Effects of dietary butyrate supplementation on intestinal integrity of heat‐stressed cockerels

    loading  Checking for direct PDF access through Ovid

Excerpt

Heat stress (HS) impairs poultry performance, increases mortality and results in significant economic losses (St‐Pierre et al., 2003). Many physiological parameters of various systems (e.g. the digestive system) are disturbed when the ambient temperature exceeds the thermoneutral zone (Quinteiro‐Filho et al., 2012; Abdelqader and Al‐Fataftah, 2014). The single cell layer of the intestinal epithelium plays key roles in nutrient digestion and absorption and forms the most important barrier against the external environment (Söderholm and Perdue, 2006). Also, HS can impair the integrity of the gut barrier by damaging the intestinal epithelial cells (Pearce et al., 2013), increase intestinal permeability (Lambert, 2009) and induce intestinal inflammation (Quinteiro‐Filho et al., 2012). The poor outcome of the intestines as a result of HS enhances the infiltration of endotoxins into the blood circulation, which could result in further systemic inflammatory responses and multi‐organ dysfunction (Bouchama and Knochel, 2002). Moreover, reports from our laboratory and others have shown that HS causes imbalance in the intestinal microflora (Al‐Fataftah and Abdelqader, 2014; Song et al., 2014). Butyrate was found to be effective in preventing intestinal injury and enhancing epithelial repair mechanisms (Qiao et al., 2015). Under thermoneutral conditions, butyrate works as a growth promoter for chickens' gut wall (Antongiovanni et al., 2009), enhances villi growth (Levy et al., 2015) and controls intestinal pathogenic bacteria (Namkung et al., 2011). In heat‐stressed broilers, it reduces intestinal epithelia damage and enhances intestinal recovery (Abdelqader and Al‐Fataftah, 2016). However, broilers are intensively selected for high growth rates which are associated with high metabolic heat production (Havenstein et al., 2003). Recent genetic improvement of broilers, laying hens and breeders for high production leads to high susceptibility to HS (Havenstein et al., 2003; Gous, 2010). Given that layer cockerels are not producing animals, they were used as a model in this experiment to investigate the true effect of butyrate on intestinal integrity. The current study aimed to investigate the potential of butyrate to reduce intestinal injury and to improve intestinal integrity in heat‐stressed chickens.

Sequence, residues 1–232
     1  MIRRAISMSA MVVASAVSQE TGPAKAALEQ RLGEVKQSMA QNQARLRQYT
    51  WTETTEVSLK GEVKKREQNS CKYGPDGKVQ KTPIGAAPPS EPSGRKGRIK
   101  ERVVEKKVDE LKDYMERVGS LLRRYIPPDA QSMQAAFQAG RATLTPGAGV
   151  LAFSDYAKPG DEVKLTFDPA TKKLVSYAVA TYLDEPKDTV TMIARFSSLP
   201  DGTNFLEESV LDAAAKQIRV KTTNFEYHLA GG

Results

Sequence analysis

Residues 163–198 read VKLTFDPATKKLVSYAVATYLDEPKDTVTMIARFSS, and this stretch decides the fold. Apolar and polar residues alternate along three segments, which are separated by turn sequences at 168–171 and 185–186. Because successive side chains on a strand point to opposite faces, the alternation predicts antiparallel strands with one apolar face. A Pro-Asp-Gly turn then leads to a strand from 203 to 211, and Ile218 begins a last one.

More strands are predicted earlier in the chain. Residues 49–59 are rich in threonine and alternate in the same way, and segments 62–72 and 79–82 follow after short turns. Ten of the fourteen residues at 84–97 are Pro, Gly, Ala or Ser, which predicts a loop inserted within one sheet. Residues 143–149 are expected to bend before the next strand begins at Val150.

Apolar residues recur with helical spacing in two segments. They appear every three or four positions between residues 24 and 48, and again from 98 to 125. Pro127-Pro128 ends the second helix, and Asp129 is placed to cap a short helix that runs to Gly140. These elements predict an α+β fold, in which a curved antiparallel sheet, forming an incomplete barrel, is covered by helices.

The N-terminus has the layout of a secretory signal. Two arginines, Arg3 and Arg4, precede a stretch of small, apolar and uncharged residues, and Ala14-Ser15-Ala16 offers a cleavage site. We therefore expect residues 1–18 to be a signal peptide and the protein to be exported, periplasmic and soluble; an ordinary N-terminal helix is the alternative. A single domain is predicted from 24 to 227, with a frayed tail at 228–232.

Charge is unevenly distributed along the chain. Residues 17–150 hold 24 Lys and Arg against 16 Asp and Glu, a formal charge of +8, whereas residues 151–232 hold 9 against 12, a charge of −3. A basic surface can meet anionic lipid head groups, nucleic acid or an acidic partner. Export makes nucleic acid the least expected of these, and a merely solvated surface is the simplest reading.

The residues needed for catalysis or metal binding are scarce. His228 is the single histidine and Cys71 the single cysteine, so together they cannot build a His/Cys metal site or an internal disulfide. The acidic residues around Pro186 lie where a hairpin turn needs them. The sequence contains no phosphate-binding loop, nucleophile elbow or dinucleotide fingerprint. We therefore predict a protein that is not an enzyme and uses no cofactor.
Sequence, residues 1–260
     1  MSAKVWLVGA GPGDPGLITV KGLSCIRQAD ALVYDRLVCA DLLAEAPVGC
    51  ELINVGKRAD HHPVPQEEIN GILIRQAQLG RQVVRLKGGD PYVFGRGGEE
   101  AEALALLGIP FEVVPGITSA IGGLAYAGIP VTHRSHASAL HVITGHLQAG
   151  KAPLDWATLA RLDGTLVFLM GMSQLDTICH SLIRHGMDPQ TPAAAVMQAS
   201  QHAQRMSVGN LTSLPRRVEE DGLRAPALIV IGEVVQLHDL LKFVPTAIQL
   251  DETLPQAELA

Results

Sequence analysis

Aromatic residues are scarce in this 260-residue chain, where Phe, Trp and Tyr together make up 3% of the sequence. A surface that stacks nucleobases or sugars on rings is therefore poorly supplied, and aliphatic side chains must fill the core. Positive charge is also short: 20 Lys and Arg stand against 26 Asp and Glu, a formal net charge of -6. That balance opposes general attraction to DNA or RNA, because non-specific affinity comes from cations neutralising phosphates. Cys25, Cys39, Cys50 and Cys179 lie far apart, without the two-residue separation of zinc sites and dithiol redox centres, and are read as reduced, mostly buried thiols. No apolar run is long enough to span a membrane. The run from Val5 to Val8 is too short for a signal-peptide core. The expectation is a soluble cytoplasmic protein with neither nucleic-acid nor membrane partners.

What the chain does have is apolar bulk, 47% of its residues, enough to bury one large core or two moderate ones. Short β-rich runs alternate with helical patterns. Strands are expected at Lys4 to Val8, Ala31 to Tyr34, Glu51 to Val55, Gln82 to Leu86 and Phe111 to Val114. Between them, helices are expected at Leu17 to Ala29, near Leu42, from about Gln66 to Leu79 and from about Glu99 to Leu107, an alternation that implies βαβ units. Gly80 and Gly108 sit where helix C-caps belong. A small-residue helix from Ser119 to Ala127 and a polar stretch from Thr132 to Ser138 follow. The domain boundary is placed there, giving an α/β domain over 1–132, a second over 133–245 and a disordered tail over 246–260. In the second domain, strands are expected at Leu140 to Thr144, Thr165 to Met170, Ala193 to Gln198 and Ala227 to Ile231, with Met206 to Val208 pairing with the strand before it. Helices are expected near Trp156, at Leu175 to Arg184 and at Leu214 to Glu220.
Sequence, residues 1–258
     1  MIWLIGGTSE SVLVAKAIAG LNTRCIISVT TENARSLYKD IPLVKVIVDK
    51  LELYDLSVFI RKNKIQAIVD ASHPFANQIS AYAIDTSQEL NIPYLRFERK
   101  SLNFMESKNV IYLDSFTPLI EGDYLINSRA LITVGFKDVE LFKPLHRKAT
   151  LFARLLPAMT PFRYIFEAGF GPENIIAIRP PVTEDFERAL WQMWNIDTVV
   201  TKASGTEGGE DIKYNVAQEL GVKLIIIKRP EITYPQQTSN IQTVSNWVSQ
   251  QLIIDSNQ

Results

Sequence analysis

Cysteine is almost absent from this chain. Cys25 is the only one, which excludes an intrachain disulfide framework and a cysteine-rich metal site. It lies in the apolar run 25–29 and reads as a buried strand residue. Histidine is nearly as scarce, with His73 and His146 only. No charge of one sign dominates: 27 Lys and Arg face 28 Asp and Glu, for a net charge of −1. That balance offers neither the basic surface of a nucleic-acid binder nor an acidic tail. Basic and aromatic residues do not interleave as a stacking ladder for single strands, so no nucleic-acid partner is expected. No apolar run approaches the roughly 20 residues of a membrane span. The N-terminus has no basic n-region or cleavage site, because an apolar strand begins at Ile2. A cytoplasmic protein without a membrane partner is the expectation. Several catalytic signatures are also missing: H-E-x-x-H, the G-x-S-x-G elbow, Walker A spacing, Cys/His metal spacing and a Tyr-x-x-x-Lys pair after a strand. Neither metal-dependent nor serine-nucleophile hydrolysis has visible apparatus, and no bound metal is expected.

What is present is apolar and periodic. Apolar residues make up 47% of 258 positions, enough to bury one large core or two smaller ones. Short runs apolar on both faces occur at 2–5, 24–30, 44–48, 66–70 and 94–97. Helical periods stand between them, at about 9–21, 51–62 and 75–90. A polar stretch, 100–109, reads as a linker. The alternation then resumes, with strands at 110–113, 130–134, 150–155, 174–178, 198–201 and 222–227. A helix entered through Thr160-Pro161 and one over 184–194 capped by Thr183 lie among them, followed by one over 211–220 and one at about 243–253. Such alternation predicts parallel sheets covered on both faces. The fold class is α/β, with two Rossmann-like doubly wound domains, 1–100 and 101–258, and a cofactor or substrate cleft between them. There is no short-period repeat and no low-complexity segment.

loading  Loading Related Articles